MRSA: The Risks of Medical Misdiagnosis
One of the more worrisome aspects of modern medicine is the possibility of leaving the hospital sicker than when you went in—or maybe not ever coming out again at all. Many times, complications in hospital and related settings result from healthcare-associated infections (HAIs). Both the U.S. Department of Health and Human Services (HHS) and the Centers for Disease Control and Prevention (CDC) have released data concluding that over one million HAIs annually cause about 90,000 deaths in the U.S.
Sometimes the antibiotic-resistant bacteria which causes a serious health crisis is a type of staph infection called MRSA, often pronounced “mersa.” MRSA is one of a group of bacteria that can produce a severe tissue and skin infection known as “necrotizing fasciitis.” Such an infection is more commonly known as “flesh-eating” bacteria. While a “flesh-eating” bacterial infection is not common, when it does strike, it can maim and kill its sufferer quickly if the bacteria are resistant to existing antibiotics.
What is MRSA?
MRSA, or Methicillin-Resistant Staphylococcus Aureus, is sometimes called a “superbug” because it is resistant to almost all antibiotics. MRSA is extremely challenging to treat and cure once it gains a foothold, especially in someone who is already sick or who has a compromised immune system. MRSA is resistant to such commonly-used antibiotics as methicillin, penicillin, amoxicillin, and oxacillin.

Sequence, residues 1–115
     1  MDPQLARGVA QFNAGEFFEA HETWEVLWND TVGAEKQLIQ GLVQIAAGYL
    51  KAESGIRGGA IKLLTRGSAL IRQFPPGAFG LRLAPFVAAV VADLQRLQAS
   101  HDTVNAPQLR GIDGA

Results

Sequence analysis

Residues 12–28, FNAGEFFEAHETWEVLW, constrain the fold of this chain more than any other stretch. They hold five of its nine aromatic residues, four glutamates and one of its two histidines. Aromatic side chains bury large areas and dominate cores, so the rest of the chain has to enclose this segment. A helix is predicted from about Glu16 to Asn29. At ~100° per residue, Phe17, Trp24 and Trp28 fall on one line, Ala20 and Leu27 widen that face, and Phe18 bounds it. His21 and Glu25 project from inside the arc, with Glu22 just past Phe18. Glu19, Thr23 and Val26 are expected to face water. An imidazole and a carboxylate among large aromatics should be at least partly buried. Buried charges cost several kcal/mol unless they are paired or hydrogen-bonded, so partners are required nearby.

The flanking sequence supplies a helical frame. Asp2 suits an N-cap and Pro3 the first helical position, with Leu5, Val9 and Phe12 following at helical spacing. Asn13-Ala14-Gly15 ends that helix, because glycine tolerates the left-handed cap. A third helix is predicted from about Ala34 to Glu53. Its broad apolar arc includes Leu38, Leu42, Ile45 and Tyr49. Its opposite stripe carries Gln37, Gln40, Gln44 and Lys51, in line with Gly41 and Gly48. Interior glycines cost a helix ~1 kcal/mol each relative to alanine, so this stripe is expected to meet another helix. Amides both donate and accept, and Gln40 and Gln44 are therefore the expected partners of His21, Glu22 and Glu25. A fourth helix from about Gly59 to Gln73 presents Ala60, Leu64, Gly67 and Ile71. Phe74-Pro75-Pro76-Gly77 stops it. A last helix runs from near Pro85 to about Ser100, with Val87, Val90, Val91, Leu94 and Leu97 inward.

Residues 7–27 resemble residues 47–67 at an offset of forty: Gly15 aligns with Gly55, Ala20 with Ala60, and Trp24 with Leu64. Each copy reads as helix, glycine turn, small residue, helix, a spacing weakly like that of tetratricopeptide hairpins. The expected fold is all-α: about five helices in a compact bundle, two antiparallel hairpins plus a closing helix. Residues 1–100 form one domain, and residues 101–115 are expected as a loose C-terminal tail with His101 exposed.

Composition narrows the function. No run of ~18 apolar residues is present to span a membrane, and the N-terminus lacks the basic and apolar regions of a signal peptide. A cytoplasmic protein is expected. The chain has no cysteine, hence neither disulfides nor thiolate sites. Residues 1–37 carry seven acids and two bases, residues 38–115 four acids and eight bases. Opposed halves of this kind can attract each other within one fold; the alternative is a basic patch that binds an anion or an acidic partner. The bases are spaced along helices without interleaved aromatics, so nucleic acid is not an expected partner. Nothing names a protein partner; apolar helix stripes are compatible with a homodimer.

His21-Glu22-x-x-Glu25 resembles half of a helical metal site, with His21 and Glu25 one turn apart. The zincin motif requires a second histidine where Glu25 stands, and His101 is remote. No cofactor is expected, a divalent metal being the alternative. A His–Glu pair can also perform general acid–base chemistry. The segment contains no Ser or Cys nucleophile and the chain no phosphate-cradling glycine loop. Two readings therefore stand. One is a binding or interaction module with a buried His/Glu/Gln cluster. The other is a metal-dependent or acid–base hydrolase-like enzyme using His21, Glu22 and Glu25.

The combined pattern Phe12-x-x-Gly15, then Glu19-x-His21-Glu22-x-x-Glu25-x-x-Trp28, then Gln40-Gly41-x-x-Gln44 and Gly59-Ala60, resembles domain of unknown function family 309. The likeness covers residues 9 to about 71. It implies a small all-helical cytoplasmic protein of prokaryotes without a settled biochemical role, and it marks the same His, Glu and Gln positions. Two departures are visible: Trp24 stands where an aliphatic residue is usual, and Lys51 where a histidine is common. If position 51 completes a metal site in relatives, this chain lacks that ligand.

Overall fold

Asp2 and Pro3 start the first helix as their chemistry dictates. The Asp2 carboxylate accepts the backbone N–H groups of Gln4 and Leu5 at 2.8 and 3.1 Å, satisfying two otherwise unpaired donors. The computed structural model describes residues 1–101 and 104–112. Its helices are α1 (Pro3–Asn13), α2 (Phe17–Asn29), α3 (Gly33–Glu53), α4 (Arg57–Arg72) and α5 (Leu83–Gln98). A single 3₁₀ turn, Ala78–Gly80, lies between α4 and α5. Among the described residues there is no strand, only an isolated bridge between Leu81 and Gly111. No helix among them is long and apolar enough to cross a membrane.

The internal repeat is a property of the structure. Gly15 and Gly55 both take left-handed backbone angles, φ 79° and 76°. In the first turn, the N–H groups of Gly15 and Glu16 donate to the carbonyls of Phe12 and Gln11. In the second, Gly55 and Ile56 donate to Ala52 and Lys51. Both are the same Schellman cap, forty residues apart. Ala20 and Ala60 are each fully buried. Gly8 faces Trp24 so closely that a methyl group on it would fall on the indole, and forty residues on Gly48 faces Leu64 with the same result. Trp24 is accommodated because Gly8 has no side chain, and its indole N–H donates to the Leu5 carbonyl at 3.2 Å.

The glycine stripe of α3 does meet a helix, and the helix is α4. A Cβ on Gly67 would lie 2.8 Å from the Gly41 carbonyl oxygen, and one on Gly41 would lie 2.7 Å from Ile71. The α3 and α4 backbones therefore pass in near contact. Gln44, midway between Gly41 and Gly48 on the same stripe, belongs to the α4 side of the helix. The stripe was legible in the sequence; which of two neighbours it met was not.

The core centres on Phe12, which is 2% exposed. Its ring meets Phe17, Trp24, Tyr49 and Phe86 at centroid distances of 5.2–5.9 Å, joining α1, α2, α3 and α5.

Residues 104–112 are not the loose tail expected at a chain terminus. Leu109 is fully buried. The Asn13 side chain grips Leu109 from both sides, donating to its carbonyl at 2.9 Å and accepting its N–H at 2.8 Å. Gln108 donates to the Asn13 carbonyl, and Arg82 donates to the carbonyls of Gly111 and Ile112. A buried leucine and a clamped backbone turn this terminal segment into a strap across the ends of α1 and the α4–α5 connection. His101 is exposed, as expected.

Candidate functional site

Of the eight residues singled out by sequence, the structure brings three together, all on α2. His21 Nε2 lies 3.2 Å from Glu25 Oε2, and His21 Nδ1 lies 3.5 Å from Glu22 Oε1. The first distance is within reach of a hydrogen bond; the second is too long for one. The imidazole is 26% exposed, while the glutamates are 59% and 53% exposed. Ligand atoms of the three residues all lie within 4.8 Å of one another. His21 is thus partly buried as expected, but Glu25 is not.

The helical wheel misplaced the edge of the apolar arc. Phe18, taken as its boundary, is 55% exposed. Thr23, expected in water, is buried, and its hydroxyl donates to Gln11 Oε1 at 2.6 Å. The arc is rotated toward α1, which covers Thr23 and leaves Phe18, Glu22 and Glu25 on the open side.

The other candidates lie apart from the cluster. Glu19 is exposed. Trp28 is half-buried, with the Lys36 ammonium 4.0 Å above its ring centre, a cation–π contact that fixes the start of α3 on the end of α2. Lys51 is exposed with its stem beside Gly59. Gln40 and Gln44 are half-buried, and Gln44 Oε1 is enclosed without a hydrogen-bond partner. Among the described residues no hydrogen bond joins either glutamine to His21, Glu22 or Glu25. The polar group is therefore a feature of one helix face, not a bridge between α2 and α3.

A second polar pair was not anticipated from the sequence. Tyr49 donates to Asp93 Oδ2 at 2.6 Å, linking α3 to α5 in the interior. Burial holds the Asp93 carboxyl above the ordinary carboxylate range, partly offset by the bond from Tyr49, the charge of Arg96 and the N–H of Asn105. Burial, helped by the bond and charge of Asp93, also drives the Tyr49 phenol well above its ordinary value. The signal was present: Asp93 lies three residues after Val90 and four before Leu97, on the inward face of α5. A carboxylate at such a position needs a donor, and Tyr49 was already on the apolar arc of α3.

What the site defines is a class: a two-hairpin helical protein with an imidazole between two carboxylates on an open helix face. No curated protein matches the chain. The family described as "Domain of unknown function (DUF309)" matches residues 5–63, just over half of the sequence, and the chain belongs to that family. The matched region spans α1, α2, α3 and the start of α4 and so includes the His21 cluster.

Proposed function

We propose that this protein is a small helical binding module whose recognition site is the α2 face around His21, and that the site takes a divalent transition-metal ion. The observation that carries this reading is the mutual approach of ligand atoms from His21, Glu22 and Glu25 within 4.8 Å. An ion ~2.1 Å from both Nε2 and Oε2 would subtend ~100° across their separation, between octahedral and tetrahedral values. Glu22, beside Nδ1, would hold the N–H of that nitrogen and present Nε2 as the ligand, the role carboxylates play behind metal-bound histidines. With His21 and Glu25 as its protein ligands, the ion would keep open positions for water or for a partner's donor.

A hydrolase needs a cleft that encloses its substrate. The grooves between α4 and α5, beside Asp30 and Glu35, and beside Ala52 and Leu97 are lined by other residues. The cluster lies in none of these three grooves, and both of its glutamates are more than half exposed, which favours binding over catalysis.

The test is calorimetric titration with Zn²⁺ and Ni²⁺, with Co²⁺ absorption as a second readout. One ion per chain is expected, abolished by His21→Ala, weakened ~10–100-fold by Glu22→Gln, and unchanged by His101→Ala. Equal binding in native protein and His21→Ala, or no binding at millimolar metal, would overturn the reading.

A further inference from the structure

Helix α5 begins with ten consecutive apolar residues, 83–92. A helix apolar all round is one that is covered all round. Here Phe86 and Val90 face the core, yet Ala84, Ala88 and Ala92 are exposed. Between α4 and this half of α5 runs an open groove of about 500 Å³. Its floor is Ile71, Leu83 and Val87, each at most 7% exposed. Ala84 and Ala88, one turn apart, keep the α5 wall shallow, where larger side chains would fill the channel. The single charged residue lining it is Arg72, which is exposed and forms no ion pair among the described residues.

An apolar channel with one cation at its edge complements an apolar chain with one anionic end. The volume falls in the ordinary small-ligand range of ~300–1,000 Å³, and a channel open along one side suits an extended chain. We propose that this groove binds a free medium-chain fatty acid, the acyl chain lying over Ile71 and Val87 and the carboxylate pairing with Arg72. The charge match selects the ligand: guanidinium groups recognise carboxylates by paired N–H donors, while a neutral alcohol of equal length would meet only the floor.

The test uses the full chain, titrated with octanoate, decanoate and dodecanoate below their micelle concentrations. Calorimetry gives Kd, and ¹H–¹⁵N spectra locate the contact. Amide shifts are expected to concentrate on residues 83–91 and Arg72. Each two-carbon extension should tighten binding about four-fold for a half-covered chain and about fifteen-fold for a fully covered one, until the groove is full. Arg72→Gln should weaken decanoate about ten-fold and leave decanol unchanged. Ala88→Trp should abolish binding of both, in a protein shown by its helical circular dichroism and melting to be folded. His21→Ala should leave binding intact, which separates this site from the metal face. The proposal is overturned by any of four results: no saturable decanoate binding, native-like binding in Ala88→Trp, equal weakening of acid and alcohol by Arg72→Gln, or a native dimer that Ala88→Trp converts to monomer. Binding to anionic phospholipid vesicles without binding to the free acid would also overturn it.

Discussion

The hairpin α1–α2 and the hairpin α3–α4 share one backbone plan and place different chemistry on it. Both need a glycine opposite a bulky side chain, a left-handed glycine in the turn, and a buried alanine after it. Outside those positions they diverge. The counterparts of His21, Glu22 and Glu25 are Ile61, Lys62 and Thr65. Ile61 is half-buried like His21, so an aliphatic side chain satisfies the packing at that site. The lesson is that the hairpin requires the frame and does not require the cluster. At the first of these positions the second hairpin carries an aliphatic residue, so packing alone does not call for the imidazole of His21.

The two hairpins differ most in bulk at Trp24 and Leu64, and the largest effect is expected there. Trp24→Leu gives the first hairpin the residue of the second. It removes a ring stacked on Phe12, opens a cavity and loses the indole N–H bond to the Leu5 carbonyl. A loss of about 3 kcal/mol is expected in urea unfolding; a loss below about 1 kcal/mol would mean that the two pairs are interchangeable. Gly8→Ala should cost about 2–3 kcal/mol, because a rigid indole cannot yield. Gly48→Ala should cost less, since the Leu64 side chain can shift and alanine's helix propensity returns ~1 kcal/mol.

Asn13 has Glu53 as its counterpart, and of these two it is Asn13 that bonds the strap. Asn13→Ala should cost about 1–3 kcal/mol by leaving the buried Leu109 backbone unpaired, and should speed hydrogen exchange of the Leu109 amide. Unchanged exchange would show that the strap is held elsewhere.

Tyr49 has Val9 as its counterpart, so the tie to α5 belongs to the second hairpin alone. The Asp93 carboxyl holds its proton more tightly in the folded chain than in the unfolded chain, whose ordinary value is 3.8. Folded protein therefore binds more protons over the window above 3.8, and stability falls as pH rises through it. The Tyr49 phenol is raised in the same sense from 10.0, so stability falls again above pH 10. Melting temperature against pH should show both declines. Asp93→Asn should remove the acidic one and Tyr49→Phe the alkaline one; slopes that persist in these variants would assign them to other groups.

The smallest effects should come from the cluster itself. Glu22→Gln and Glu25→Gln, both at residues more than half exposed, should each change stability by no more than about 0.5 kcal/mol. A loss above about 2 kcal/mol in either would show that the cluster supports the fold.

Staphylococcus aureus (S. aureus) is one common bacterium that many of us carry in our noses or on our skin. About one-third of people have S. aureus resident in their noses. Surprisingly, around 2 percent of the population carries MRSA with no ill effects.
What Causes MRSA?
MRSA is spread both by skin-to-skin contact and from a person to an object. When that person is either one of the 2 percent that carries MRSA or has an active MRSA infection, a transfer of contagion can occur. Distressingly, MRSA can live for an exceedingly long time on a number of surfaces, such as floors, door handles, faucets and taps, cleaning equipment, and on fabrics. In one study of S. aureus, a number of fabrics were contaminated with the bacteria in specific amounts. The results demonstrated that S. aureus survived on many fabrics commonly found in health care settings:
- On cotton (clothing) for 4 to 21 days
- On terry cloth (towels and washcloths) for 2 to 14 days
- On a polyester-cotton blend (scrub suits and lab coats) for 1 to 3 days
- On 100 percent polyester (privacy drapes and curtains) for 1 to 40 days
- On polypropylene (splash aprons) for 40 to more than 51 days.
Hospital-Acquired MRSA Infections
People in a hospital are the ones most likely to suffer from MRSA. Anyone with a weakened immune system is at risk: those who regularly receive hemodialysis for kidney failure, those who are receiving treatments for cancer, and those who have been in the hospital for a long time. Also at risk is anyone who has had recent surgery, has a catheter or IV needle inserted, an open skin wound or burn, or who has received frequent antibiotic treatments.
Some estimate that between 49 and 65 percent of healthcare-associated S. aureus infections are brought about by strains that are methicillin-resistant. Each year in the U.S., over 94,000 MRSA infections are diagnosed. Approximately 20 percent of those who contract MRSA will die.
How Do You Test for MRSA?
The only way you can know for sure that you have MRSA is to be tested. Samples of various bodily fluids (pus, sputum, urine, and other fluids) are used to culture bacteria in the lab. Obtaining results usually takes from 1 to 3 days. Newer tests that identify the DNA of the bacteria are faster, producing results in hours. Occasionally, doctors also test the cultured bacteria to determine which antibiotic is likeliest to kill the infection.
Why is Proper Diagnosis So Critical?